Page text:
When I present my how-to writer's manifesto on Sunday it will be a very minor skirmish in a clash of titans. Noam Chomsky and his crew believe that the brain developed in consequence to language and that linguistics have been the driving force in human development. So, it would only make perfect sense for the fantasy writer's world to eclipse the how-to world of the hand. Frank Wilson and many of the other hand guys (and gals) think that the brain developed in step-by-step harmony with the concurrent development of the hand.

No doubt, the Chomskyites will win hands down on Sunday. How can you argue with poets? They really don't care what they're saying as long as it sounds good and brings applause.

But Sunday, I will state my case, with some humor and forbearance. It is a first shot in a long process. And anyway, Noam Chomsky won't be there.
On Sunday, I'll attend a book signing for my new book and DVD at Books in Bloom, the annual literary festival sponsored by the Carroll Madison Library Foundation. My wife, Jean, is one of the organizers of the event and she has been involved all year in lining up the brightest stars from the literary world that they can afford on a limited budget.

There is a small tent in the gardens of the Crescent Hotel for less notorious authors like myself to do readings from our works. That can be a challenge for a how-to writer. We are so dependent on drawings and photographs to help us tell part of the story. To stand before an audience and just read, will be like standing naked.

I plan to deliver the following how-to writer's manifesto...

It seems that life in the 21st century is a busy one. There are so many choices of entertainment and distraction that it is hard to get any work done. And of course there is the Internet, a powerful tool that provides a sense that the whole world is right at our fingertips. But when we go off line, the same drippy faucet is dripping its drip, the deck is in dire need of refinishing, and there are countless other things that need fixing or making or are just about to break.

Do you ever feel like the DVD of your own life is spinning in its slot, the drive is on fast forward and your own remote is in the hands of others?

Let’s push the pause button for just a few moments and reflect on our own small community of writers.

There are great writers that we all know and love who have the power to whisp us away through time and space, distracting us from concerns, and placing our consciousness outside our own bodies, into the lives of created characters far removed from the real situations of our own lives. Those are the writers that get the big bucks…the ones who entertain and distract. Their words carry us into feeling states from which we ultimately awaken to lives unchanged.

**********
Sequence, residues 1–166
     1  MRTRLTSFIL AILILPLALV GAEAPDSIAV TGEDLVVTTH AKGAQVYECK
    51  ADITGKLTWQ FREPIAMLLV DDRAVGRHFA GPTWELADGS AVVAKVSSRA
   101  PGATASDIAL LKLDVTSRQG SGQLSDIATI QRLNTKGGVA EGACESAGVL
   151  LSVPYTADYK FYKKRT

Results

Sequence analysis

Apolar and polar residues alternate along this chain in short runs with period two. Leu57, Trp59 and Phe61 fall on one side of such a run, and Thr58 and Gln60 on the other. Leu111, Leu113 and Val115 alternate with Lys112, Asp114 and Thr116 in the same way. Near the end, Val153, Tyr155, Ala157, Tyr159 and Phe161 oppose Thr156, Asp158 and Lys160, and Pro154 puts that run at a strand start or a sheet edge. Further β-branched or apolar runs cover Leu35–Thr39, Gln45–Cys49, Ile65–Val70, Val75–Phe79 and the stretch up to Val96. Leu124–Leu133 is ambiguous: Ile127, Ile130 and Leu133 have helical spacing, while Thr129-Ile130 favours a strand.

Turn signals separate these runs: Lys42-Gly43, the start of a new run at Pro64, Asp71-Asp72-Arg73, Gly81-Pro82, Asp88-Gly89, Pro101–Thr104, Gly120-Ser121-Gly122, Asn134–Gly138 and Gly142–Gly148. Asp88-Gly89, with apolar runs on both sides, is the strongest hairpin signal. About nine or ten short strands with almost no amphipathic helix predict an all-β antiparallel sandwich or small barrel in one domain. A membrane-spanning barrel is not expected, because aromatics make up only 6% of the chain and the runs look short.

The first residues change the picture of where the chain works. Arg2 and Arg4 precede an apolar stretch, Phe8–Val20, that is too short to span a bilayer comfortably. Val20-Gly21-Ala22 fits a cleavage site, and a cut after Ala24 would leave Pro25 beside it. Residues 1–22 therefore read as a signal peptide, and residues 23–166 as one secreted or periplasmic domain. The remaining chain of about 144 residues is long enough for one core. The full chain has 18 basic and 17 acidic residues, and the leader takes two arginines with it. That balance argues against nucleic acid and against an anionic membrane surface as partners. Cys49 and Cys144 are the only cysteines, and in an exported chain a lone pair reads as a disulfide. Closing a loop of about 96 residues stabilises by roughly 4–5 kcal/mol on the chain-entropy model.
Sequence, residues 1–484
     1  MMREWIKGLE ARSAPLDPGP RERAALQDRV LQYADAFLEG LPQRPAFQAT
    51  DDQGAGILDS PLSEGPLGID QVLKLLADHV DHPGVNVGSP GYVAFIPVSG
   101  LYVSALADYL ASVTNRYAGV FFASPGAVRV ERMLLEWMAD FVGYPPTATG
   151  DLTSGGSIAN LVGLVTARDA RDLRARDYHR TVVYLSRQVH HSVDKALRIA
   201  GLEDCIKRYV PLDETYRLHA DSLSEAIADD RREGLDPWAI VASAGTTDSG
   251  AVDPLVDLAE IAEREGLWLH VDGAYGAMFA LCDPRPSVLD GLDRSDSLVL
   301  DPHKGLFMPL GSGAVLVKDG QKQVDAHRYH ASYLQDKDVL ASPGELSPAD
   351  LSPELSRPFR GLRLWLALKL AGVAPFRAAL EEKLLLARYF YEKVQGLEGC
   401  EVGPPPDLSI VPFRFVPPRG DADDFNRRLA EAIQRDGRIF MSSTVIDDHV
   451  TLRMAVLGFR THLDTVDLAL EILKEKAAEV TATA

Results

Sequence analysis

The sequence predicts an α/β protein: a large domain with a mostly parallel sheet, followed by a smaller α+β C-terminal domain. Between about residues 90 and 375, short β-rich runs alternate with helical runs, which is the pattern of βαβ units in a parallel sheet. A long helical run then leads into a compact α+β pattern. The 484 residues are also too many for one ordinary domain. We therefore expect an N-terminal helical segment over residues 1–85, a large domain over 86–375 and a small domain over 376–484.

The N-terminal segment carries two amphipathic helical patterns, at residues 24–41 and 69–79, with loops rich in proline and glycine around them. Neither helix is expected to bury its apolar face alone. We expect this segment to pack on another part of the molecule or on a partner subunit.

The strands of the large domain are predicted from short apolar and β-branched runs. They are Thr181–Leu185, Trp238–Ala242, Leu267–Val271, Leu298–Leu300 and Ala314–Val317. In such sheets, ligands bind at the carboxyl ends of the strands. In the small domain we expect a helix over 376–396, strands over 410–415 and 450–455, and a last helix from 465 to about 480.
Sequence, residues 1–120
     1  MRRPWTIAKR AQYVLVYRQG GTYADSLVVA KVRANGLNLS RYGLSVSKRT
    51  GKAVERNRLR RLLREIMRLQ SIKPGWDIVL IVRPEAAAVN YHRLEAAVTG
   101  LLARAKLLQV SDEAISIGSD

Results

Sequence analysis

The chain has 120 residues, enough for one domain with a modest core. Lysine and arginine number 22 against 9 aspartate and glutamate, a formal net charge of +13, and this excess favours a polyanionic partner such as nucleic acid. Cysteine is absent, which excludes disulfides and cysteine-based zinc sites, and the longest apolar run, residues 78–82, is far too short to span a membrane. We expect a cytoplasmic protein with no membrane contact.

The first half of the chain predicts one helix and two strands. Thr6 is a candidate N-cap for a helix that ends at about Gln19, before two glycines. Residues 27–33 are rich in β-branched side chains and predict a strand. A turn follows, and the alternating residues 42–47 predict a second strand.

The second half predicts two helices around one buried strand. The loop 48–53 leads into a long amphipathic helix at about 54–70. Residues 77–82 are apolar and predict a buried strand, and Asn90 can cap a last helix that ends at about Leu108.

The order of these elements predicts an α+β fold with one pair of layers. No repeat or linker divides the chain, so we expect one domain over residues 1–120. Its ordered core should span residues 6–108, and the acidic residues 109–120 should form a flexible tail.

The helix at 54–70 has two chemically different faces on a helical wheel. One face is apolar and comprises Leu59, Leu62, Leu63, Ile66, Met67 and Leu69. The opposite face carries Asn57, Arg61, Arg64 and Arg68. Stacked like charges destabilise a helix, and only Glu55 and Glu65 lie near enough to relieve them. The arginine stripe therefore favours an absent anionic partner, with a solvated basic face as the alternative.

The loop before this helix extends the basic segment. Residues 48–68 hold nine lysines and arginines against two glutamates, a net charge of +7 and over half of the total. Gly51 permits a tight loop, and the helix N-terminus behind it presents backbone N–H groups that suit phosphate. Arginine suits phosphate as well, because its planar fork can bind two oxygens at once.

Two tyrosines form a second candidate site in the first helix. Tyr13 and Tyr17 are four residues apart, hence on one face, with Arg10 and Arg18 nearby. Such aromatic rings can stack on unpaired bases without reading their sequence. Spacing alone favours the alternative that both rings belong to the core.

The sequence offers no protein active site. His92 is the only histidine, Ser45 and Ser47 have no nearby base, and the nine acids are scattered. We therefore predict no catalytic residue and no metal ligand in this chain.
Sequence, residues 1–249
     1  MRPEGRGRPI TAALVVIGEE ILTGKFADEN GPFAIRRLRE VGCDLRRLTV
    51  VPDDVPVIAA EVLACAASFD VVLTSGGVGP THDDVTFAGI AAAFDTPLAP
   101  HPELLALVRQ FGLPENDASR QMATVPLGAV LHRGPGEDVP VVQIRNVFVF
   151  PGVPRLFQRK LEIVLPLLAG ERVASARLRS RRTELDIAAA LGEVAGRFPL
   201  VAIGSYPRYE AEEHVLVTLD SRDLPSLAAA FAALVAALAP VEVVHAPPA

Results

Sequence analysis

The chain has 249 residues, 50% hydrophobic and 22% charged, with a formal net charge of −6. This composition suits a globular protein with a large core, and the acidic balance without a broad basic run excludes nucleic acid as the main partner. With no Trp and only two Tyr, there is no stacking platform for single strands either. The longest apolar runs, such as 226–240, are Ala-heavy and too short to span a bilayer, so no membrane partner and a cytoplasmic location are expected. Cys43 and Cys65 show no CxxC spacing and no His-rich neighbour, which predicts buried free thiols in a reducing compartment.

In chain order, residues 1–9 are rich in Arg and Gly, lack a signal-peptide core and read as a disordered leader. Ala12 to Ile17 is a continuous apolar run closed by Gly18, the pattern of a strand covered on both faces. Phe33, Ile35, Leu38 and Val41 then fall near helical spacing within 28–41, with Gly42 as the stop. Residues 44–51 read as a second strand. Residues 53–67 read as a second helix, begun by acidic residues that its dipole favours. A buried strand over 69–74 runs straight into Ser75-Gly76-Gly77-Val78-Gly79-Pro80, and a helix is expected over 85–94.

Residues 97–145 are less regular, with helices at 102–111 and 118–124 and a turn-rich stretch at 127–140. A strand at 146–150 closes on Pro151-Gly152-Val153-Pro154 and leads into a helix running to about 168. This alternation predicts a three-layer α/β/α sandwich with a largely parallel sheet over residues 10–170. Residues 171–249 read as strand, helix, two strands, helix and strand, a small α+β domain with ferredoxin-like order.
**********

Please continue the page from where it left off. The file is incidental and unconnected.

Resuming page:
How-to writers are a bit different. We write about small things that empower others to cope, to fix, and to make. We inspire readers to get up, put down their remotes, head for their basements and garages with eyes and hands directed toward improvement, change, betterment and growth. So let’s reflect on our power and direct it with some shared vision.

Can you imagine what a visitor to a museum would think if they had never had a chance to make anything? Would they look at the real Mona Lisa and marvel at brush strokes made by the human hand? If they’ve never held a brush, have only engaged the world through a mouse and keyboard, will they have the power in their own souls to connect with the vast human legacy that only clicks-in when there is texture, the warmth of the human touch, and a sense of one’s own power to create?

So, there are a couple things to go over before we push play.

The first is that we as a small community of how-to writers must come to an understanding of the powers that lay in our own hands. We, more than most, know the wonders of our own creativity. We, more than most know the forces and means inherent in the human soul to improve the reality of the day to day and the here and now. Let’s acknowledge the incredible value of who we are and what we really do. We empower. In the face of a consumer culture with the masses driven to consume WE inform and instruct: how-to, why-to, encouraging others to build and make better. Perhaps some of us may have been tempted by the unrelenting forces of fantasy to write the great novel instead, but perhaps we should remember there is no more important calling for today’s age than that of the how-to writer.

The second thing to consider while we are still on pause is the strength we are can give to the future. Knowing the importance of our own hands, the feelings invoked in our own hearts by our creative efforts, let’s stand resolute in our support for hands-on education in all our nations schools and for all our nations children. Let’s think of ways to expand what we have started. How about tools in ALL schools? Can we do more to spread the hands-on education resolution? Let’s consider new things, too! Let’s put our collective wisdom and power to work.

OK, push the play button. On with the show!